Archive for the 'State Parks' Category

Renew or Buy State Parks Pass Online

Thursday, March 28th, 2019

Buy or renew your Texas State Parks Pass online.

This is Passport to Texas

Parkgoers can renew or purchase a Texas State Parks Pass online thanks to improvements in the online reservation system. Thomas Wilhelm is the marketing and branding manager for Texas State parks.

People have made it clear that they want the ability to either purchase their park pass online or renew their park pass on line for a long time. The advantage to purchasing in advance now, with the new reservation system, is your park pass discounts get applied when you make your reservation. So, you’re getting those benefits immediately. When you’re paying in advance for your campsite or your entrance fees, you’re getting those parks pass benefits upfront. You have the ability now to renew your park pass as well, which you can do, I think it’s up to five months in advance of your park pass expiring. One of the big advantages we’ll see with the new park pass system, and the new system with it…is that currently with the park pass you get four camping discounts for half off your second night. With the new reservation system, we’re eliminating that restriction on the number of discounts you get. So, with your park pass it’s unlimited half off your second night of camping when you stay two or more nights.

Purchase or renew your Texas State Parks Pass on the Texas parks and Wildlife Website.

We receive support for our show in part from Ram Trucks. Built to Serve.

For Texas Parks and Wildlife…I’m Cecilia Nasti.

New Park Reservation System: Save the Day

Wednesday, March 27th, 2019

Visitors to Enchanted Rock SP, relaxing because they “saved the Day”.

This is Passport to Texas

Ditch the “will I or won’t I get in” guessing game that often comes with visiting Texas’ most popular state parks. Now parkgoers can “Save the Day”. Thomas Wilhelm is the marketing and branding manager for Texas State parks.

[Thomas] So, what we’re calling “save the day” is essentially paying your entrance fees in advance. And by doing so, you’re guaranteeing access to a park. We have some parks that are super popular in that they fill up and we have to turn people away because of the limitation of the number of people allowed in a park. So with the Save the Day pass, you essentially pick a time slot that you are going to arrive at the park, pre-pay your entrance, and you’re guaranteed access to the park. So, you don’t have to worry about showing up and being turned away because the park is full.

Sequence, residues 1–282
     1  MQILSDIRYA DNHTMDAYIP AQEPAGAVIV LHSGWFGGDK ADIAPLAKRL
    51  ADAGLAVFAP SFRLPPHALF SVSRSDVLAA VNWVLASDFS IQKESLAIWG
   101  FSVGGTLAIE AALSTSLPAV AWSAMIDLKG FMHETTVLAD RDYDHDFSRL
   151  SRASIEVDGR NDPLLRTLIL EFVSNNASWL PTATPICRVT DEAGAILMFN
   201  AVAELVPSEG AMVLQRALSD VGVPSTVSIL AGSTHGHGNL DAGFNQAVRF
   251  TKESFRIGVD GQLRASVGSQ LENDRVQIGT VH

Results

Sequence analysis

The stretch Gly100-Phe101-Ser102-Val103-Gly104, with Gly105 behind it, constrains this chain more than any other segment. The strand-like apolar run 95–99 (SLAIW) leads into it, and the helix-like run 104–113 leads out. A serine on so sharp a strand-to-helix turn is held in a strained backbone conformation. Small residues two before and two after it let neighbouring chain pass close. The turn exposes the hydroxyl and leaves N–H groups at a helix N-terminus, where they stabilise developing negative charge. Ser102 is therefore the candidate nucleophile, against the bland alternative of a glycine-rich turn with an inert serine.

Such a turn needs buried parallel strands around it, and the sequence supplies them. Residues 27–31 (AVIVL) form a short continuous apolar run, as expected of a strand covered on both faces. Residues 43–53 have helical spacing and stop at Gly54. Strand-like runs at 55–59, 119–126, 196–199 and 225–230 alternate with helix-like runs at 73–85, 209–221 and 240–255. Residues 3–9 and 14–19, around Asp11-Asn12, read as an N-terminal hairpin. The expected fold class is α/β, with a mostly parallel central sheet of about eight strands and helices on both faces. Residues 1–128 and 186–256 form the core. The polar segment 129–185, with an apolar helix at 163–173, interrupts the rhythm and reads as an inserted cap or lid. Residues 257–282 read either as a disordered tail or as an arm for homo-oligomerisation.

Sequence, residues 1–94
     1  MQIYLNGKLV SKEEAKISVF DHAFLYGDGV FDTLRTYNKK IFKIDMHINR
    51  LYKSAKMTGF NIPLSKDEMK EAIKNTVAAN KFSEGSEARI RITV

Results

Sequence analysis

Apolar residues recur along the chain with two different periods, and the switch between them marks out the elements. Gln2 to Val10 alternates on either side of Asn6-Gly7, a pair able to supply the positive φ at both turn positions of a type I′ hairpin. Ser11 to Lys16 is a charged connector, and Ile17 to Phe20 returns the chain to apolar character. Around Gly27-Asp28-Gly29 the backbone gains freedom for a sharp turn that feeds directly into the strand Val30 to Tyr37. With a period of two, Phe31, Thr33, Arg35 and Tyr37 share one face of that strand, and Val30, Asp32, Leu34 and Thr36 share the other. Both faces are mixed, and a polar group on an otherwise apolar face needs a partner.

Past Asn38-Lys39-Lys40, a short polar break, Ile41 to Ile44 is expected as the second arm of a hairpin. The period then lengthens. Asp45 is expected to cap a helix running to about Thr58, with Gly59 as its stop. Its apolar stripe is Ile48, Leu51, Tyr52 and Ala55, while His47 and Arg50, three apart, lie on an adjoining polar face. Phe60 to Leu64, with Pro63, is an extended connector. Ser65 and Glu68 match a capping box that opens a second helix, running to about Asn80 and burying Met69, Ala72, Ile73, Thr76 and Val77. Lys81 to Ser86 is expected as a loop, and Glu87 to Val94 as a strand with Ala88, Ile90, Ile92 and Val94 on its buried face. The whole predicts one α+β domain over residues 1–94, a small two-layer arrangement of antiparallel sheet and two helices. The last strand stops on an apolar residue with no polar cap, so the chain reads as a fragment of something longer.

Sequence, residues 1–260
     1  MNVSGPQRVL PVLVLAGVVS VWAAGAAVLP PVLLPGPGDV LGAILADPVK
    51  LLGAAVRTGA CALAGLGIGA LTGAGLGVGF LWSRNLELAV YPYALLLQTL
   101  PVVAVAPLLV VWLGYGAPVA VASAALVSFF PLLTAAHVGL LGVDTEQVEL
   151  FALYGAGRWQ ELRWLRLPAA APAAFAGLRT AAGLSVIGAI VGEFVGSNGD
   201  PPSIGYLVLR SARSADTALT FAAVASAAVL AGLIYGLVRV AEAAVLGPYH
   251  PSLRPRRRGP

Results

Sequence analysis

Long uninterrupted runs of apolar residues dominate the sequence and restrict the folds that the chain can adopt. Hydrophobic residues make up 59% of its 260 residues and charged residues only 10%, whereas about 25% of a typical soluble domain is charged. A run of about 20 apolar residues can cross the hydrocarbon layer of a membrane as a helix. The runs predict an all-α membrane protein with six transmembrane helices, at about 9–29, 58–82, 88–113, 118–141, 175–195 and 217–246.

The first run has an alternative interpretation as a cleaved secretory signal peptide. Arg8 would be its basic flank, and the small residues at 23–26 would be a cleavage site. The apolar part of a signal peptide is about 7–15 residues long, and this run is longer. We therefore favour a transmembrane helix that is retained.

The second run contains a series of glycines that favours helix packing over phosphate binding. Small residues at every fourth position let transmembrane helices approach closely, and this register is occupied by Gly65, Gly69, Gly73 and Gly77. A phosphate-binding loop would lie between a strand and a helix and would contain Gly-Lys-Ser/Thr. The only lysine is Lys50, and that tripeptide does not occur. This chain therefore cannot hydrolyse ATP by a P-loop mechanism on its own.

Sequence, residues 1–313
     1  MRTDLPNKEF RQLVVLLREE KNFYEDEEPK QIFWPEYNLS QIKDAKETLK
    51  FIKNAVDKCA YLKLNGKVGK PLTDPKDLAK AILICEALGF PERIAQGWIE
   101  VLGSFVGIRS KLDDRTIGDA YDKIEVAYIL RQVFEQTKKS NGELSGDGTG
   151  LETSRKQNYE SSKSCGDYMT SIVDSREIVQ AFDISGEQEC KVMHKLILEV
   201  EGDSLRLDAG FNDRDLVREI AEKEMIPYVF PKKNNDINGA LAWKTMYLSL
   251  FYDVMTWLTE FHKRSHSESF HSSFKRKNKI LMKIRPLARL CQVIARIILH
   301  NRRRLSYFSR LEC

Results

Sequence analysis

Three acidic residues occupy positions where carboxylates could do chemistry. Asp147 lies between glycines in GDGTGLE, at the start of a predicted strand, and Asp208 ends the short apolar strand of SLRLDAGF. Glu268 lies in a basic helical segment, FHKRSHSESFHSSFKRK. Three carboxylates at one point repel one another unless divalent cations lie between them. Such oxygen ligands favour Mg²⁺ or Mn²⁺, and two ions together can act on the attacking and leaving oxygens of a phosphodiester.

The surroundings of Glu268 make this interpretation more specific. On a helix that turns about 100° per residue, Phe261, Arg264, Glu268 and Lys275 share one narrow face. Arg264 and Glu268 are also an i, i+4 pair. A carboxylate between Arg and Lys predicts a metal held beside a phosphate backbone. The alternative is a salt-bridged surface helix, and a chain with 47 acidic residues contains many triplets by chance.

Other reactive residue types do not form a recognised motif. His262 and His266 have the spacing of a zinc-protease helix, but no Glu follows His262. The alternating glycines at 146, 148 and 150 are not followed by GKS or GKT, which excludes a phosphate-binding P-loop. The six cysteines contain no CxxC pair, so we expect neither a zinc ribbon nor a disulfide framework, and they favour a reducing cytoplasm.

[Cecilia] Well, you know, you might get there, but you might be behind a line of cars. Will there be another entrance for these people who have their pass?

[Thomas] We’ll have to work through those. Depending on the site, we may be able to create dual entrance lines. There will be a learning curve for both our employees and our customers. But, I think, in the long term, it will really speed up the process. Not just for guaranteed access, but also for getting you into the park faster and onto the fun.

Make your reservations on the Texas Parks and Wildlife website. Tomorrow: Buying and managing your Texas State Park Pass online.

For Texas Parks and Wildlife…I’m Cecilia Nasti.

New Park Reservation System: Pick Your Site

Tuesday, March 26th, 2019
State Park Campsite

State Park Campsite

This is Passport to Texas

Overnight visits to Texas State parks are easier than ever to plan, thanks to improvements in the online reservation system, including picking your own site.

We’ve been listening to our customers for a long time. And some of the things that we’ve heard that are most wanted by our customers is site specific reservations.

Thomas Wilhelm is the marketing and branding manager for Texas State Parks. Before this new online reservation system, overnight campers could reserve a type of site, but not a specific site.